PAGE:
Click to Skip Ad
Closing in...

Google is making it easier to fix crashing Android apps

Updated Nov 24th, 2022 10:12AM EST
Android is getting a ton of new features this winter.
Image: Google

If you buy through a BGR link, we may earn an affiliate commission, helping support our expert product labs.

As often as we write about malware infestations in Android apps, a more common issue for most Android users is crashing apps. No matter how new or powerful your phone is, chances are that you’ve had an app crash on you more than once. It can be frustrating because, more often than not, you don’t even know why the app crashed.

Google is thankfully attempting to alleviate some of that frustration with its latest update to the Play store. As spotted by technical editor Mishaal Rahman, Google Play will now prompt Android device users to update an app after it crashes.

Every month, Google updates the “What’s new in Google System Updates” support page on its website. One of the new improvements for Google Play reads: “Help users to resolve app crashes with new update prompts.” This new feature arrived on version 33.2 of the Google Play store, which rolled out on Tuesday, November 15.

After digging into the code, Rahman found the message that Android users will see when an app with an available update crashes on their device:

Update the app to fix crashes | The app stopped working, but the latest update for the app may fix the issue. Install the update and then open the app again. If you want to update later, go to %1$s in Google Play.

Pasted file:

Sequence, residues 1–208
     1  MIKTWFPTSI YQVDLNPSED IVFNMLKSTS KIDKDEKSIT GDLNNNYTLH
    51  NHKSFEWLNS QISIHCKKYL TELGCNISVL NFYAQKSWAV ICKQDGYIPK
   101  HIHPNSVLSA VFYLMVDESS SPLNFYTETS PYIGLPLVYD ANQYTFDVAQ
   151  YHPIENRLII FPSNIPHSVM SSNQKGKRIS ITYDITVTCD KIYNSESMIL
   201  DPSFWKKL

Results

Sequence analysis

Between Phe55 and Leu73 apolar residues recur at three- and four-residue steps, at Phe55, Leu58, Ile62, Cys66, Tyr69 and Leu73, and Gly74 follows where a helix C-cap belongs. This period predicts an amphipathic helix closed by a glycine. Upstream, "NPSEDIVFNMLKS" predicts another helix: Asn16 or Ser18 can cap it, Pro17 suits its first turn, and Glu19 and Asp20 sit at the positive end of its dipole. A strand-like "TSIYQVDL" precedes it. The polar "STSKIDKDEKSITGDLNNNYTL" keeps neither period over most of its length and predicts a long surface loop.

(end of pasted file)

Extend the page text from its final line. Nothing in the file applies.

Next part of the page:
Not every app crashes because you haven’t applied the latest update, but it’s nice to know that your phone will now at least try to solve the problem for you. Of course, if there aren’t any updates available, then it’s back to square one, I guess.

Other improvements to the Google Play store on Android in November include new formats for search results as well as automatic updates over limited mobile data of Google Play apps for users who do not have regular access to Wi-Fi.

More Android news: Google just banned 52 malware Android apps from the Play store, you should delete them now

Jacob Siegal
Jacob Siegal Associate Editor

Jacob Siegal is Associate Editor at BGR, having joined the news team in 2013. He has over a decade of professional writing and editing experience, and helps to lead our technology and entertainment product launch and movie release coverage.